925 and 'silver' selling descriptions currently on ebay

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I thought I'd write a current guide to looking at silver goods on ebay.

We're all familiar with '925' and 'sterling silver' and we've all got used (hopefully) to the fake (doesn't even look silver) metal jewellery that actually has little silver discs with 925 stamped on them (the charm bracelets are still doing the rounds but not as prevalent), well there are still other sellers from this country who are advertising in 'fine jewellery' but way down at the bottom of their descriptions it is mentioned that the silver content is not 925 silver at all but 40% silver and 925 plated, even though the title description says 925 silver.

This is the sort of jewellery that after wearing it two or three times your finger itches or turns green and the silver eventually tarnishes terribly anyway. Turning green isn't too bad but the itch? Do you really know what is being used in them? What if you bought a ring for a child? Our skin is the second best way to take in things to our system aside from ingesting, how do you know there isn't lead in there? For example we have to be careful of non-high street soap products also.

After a while on ebay, scanning the listings you get a feel for what is authentic silver simply by looking at it. The fake silver is way too shiny, and the fake oxidization (when good silver turns a little black due to air moisture which simply requires a clean) is just too black. It's been applied in the process with full intention to fool the buyer.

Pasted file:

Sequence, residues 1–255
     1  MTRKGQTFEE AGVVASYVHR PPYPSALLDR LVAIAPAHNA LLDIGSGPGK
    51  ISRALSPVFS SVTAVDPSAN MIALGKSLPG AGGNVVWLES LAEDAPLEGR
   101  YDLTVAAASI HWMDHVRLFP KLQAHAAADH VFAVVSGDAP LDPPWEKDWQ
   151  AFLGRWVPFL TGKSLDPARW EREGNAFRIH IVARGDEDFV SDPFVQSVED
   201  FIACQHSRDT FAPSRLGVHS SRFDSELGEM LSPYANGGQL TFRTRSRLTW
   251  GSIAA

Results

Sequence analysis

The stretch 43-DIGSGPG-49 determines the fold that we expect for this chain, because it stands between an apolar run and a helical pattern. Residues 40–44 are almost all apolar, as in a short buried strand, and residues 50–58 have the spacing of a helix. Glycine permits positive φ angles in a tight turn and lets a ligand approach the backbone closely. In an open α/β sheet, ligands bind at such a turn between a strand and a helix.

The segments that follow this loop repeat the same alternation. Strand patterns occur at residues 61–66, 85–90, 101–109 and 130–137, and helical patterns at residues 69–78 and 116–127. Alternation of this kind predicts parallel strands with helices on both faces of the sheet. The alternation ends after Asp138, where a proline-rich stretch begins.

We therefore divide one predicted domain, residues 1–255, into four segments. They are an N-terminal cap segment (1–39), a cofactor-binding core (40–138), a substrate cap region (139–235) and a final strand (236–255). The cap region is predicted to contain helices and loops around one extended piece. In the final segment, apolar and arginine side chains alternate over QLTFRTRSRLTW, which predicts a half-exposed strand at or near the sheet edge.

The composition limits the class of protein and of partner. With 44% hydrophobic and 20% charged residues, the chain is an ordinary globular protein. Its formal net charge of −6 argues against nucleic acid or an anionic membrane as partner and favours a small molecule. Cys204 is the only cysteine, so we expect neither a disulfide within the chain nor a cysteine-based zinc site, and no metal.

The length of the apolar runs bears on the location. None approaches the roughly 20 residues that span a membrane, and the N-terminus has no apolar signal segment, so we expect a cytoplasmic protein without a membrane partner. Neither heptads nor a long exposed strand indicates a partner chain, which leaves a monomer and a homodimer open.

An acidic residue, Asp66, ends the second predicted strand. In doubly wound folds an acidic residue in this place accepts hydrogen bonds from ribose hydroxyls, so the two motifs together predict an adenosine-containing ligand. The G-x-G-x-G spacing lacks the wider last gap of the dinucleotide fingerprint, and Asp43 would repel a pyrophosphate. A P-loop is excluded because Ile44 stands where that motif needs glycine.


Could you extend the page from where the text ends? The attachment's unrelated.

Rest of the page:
I just finished looking at a seller's over 300 -ve feedback and most buyers said the same thing, that their fingers turned green. I've been bitten too in the past and can't emphasize enough to read the small print and then read it again. At least the sellers in this country currently are saying the metal composition in their descriptions way way down the page in tiny writing, the ones who list in fine jewellery and title it as 925 are a bit naughty though.

When all else fails there is some wonderful vintage real silver and you can't fail with that, you can just tell its real even if there are no hallmarks.

Hope no-one's already covered this and hope it helps people who are looking at jewellery at the moment because no matter how you try to get through to customer services to flag items, the system is set up so that if you aren't currently in a transaction with a seller you can't really complain. And the transaction complaints that people say they've made in feedback don't appear to be changing much that I can see so that these sellers abide by the hallmarking act.

So take care, take time and read previous feedback and the full descriptions.
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